During their First World War research, Dr James Wearn and Andrew Budden at the Royal Botanic Gardens, Kew, discovered plant specimens gathered from close to the River Thames in the environs of Richmond and Twickenham. This is not notable in itself, but their re-discovery in Kew’s Herbarium (of upwards of 7 million preserved specimens) suddenly gains poignancy through their collector – former Kew gardener John Divers, who was (and still is) missing on the Somme. These carefully dried, pressed plants are a very moving local material link with this infamous battle, and were collected just four years before John was killed.
The specimens shown here are Glechoma hederacea (‘ground ivy’) collected in April 1912 from the bank of the River Thames [near Richmond] (accession K001189122) and Dianthus deltoides (‘maiden pink’) collected in July 1912 at Twickenham (accession K000773536). Both sheets bear the Royal Gardens – Kew ink stamp dated 20th April 1918, when they were officially added to Kew’s Herbarium.
Upon John’s death in October 1916, his father donated John’s collection of over 400 plant specimens to Kew. A note within the in-house journal at Kew that year stated positively that John’s specimens “have been selected with exceptional care and are well displayed on the sheets on which they are mounted” (Bull. Misc. Inf. Kew 1918(4): 157). The majority had been collected in Leicestershire, near to where he had lived and worked (Belvoir Castle Gardens) prior to joining Kew in March 1912. Whilst John was at Kew he added more local specimens, and was promoted to Sub-foreman in the Herbaceous and Alpine Department in 1913.
In December 1914, John joined the 25th London (Cyclists’) Regiment, transferring to the 1/9th Battalion (Queen Victoria’s Rifles) of the London Regiment as Rifleman 7056. He arrived in France in that fateful seventh month of 1916, and found himself on the Somme.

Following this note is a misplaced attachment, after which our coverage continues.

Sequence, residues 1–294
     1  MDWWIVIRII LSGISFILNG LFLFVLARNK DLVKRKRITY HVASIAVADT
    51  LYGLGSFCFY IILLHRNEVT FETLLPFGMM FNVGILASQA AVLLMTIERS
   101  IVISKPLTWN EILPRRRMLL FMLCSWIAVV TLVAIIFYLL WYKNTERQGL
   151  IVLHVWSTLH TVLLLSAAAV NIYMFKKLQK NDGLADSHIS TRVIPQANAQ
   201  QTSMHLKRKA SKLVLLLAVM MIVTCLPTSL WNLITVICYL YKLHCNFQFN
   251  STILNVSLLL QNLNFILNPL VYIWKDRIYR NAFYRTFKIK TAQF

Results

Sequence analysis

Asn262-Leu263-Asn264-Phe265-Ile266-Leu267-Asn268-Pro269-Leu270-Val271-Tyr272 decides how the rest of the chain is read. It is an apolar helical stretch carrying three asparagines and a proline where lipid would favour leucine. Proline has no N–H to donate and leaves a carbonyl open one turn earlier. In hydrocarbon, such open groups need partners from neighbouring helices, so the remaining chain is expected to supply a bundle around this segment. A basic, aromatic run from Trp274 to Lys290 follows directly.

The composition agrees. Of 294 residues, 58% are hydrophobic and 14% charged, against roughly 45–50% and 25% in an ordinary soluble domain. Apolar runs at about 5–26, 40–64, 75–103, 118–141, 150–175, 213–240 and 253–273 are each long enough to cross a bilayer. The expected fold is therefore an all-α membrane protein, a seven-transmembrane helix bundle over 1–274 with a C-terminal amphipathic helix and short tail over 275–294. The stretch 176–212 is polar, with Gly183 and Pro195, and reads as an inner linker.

On 8th October 1916, during the Battle of the Transloy Ridges, 1/9th London (169 Brigade) and 1/3rd London (167 Brigade) attacked Dewdrop and Spectrum trenches (NE of Les Boeufs) but by nightfall these British units had withdrawn to their starting position. During the night of the 8-9th October, John was among a patrol party of 20 men and 1 officer, sent out into no-man’s land to gather information about the enemy. All but four of these men were killed and no-man’s land was too dangerous to be thoroughly searched so, sadly, John’s body was never found. He was reported as “missing, believed killed”. John, therefore, has no marked grave and his name appears on the Thiepval Memorial to the Missing of the Somme (pier 9, face C), close to the name of fellow Kewite Herbert Martin Woolley who was also missing (killed) in action on the same day on the Somme near Combles.
This June, James and Andrew will be returning to the locality of John Divers’ final action on the Somme as part of a larger collaborative project between Kew and the Commonwealth War Graves Commission (CWGC). An event at Kew on 6th July called Somme 100 at Kew will convey a unique perspective of the Somme: considering plants, people, conflict landscapes and remembrance.
Rifleman Divers features as the cover image of this year’s Commemorating the First World War in Richmond upon Thames, Events 2016 brochure.
Event details for Somme 100 at Kew can be found at http://www.kew.org/visit-kew-gardens/whats-on/somme-100-kew
Article by James Wearn & Andrew Budden
Images reproduced with kind permission of the Board of Trustees at Royal Botanical Gardens, Kew